Shear banded chip formation typically occurs with a shear banding frequency between 1 kHz and 100 kHz. Large cyclic changes in cutting force, contact length and stress distribution along the tool tip are predicted by finite element analysis. However, these output variables are sensitive to the mechanical behavior of the material under the large strain, strain rate and temperature conditions that exist in and around these shear bands. This study is aimed at experimental measurement of the stress distribution within cutting tools at very high speeds in order to measure the cyclic variation in cutting forces and contact stresses along the tool rake face. Orthogonal machining of Al-7075-T6 and Ti6Al4V tubular specimens is carried out with a transparent sapphire plate as the cutting tool. Machining is done at high feed and relatively low cutting speed to result in shear banded chips exhibiting a shear banding frequency of 3 to 5 kHz, as inferred from measured cutting forces and chip morphology. A Photron Crysta high-speed polarization measuring camera system is used to measure the principal stresses as well as the principal stress direction at 60,000 Hz. This high frame rate has helped resolve cyclic variations in stresses within individual shear band cycles. Quantitative analysis of the stress images using the shear difference method is carried out to yield the distribution of shear stress and normal stress over the rake face contact. The thermography study has been carried out to obtain the thermal behavior of Ti6Al4V when machined at high velocities and in order to compliment previously reported data on effect of high-speed machining of Ti6Al4V on the tool wear. A controlled effort was made to anneal and bevel the cutting edges of the tools and towards removal of radial and lateral runout from the workpiece material in an attempt to reduce tool chipping.
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    Assessing and predicting ambulance crew workload in emergency medical services operations
    (Wichita State University, 2023-12) Paul, Kevin Alex; Cure, Laila
    This thesis investigates the relationship between ambulance crew workload and operational metrics in Emergency Medical Systems (EMS) and the applicability of machine learning models for predicting crew workload during a shift based on dispatch data. Utilizing call dispatch data from a collaborating EMS organization, the study incorporates observational task analysis, employing cumulative work time and a VACP (Visual, Auditory, Cognitive, and Psycho-motoric) scale to quantify task durations and estimate workload scores. A trace-based simulation approach is developed which integrates dispatch data and task analysis results to quantify workload. This simulation is used to study and reveal statistically significant correlations between crew workload and commonly used operational metrics, including unit hour utilization, number of calls, and scene time interval. Response time utilization, a not commonly used metric but one that can be easily estimated using dispatch data, was found to correlate better with workload than traditional metrics. Multiple machine learning models are identified from the literature review for the problem of predicting shift end workload. These models which include linear regression, decision tree regression, random forest regression, recurrent neural network (RNN), and long short-term memory (LSTM) are tuned, trained, and then evaluated in terms of performance, adaptability to input, and ease of use /applicability in EMS. A sequentially trained linear regression model is identified as the best solution for predicting ambulance crew workload at specified posts. This study lays the groundwork for future research, providing a framework to quantify medics' workload and offering data-driven insights to advance the understanding of workload dynamics for informed management decisions, potentially mitigating burnout.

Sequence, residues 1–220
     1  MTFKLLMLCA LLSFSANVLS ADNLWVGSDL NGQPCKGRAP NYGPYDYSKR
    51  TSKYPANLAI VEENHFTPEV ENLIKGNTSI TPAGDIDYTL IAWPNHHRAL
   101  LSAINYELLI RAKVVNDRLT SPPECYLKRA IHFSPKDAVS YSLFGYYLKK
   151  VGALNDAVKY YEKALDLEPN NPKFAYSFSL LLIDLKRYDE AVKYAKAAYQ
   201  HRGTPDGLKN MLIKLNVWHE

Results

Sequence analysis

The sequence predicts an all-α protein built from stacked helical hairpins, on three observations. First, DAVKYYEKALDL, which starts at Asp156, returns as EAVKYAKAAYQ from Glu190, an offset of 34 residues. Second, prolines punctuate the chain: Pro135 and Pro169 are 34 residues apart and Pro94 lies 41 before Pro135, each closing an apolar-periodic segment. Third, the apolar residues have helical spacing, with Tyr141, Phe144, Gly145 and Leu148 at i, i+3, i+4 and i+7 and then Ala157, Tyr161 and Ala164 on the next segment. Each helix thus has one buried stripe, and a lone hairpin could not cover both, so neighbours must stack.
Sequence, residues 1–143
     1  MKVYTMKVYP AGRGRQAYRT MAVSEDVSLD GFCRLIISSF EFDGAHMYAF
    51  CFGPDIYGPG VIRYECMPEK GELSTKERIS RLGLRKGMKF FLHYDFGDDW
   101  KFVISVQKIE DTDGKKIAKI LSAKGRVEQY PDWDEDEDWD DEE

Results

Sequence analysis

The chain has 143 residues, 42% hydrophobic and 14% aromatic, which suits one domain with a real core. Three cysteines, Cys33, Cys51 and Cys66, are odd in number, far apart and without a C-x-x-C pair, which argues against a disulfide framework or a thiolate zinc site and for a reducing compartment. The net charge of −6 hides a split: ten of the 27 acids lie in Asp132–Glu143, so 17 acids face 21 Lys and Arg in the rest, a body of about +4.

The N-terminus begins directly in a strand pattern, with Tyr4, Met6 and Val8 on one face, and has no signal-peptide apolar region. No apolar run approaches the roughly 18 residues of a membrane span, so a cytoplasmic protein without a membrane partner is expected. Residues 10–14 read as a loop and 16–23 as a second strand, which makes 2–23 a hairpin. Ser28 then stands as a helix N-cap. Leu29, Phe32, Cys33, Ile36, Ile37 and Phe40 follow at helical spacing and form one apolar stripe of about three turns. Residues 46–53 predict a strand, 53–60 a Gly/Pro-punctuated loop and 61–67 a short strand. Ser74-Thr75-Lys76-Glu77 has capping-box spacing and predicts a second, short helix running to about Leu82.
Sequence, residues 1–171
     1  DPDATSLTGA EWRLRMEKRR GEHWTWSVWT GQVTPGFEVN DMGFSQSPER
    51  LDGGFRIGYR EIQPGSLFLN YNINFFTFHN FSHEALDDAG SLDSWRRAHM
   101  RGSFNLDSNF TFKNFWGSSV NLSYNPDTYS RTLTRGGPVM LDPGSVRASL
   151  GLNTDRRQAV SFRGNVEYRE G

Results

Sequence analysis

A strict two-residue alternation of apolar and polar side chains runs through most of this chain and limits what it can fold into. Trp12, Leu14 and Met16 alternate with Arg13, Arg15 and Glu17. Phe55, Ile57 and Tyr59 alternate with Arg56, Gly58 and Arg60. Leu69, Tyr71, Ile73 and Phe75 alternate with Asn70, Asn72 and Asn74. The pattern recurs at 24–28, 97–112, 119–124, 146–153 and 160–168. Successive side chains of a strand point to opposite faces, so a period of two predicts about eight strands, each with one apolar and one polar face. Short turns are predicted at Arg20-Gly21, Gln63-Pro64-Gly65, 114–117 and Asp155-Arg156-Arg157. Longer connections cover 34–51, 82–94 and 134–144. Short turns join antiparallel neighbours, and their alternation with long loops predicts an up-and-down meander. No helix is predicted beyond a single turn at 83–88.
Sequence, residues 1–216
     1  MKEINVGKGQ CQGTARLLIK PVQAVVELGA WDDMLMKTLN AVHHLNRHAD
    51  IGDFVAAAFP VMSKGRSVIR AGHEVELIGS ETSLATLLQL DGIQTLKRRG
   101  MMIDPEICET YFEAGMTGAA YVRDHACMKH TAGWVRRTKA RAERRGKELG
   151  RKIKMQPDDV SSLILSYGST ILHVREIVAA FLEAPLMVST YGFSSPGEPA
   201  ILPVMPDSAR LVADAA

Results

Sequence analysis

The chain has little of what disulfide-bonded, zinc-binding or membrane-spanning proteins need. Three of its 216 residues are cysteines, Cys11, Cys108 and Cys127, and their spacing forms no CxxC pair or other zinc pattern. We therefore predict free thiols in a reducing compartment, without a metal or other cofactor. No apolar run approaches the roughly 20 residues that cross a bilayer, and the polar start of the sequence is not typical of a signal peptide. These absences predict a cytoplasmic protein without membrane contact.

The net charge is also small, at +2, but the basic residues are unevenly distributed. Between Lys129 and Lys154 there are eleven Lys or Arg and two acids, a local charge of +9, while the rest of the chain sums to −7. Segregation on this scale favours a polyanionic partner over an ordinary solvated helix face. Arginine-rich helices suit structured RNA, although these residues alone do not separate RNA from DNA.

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    Data analytics solutions for asset management of overhead transmission lines
    (Wichita State University, 2023-12) Meier, Kylie; Tamimi, Al
    The energy grid relies on a dependable transmission system to traverse electricity across miles through plains, mountains, and cities. The grid is in a continuous state of expansion and older lines are expected to operate for decades longer than their originally anticipated lifespan when they were installed. Each line is exposed to many different environmental modalities that cause the integrity of the line to erode. Animals, fungi, moisture and air, storms, hurricanes, car crashes, and the strain of the loaded lines all affect the transmission line’s states of degradation. Knowing how and when to replace these lines is paramount to keeping a reliable energy system functional. While the transmission system has many components that are required to perform well to keep energy flowing across the lines, there are two parts that have the most detrimental consequences, given their failure. The pole or structure and the conductor are the foundation of the transmission line and require the most attention at their demise. Repairs and replacements are heavily dependent on the budget of the utility company. The goal of this thesis is to develop analytical models that support maintenance and replacement decisions for overhead transmission lines. In collaboration with a local utility company, we develop data-driven and physics-informed predictive models for degradation of overhead transmission conductors due to environmental and operational conditions. Additionally, we develop time-based and condition-based maintenance strategies for treatment and replacement of utility poles under budget limitation using integer programming and Markov decision processes, respectively.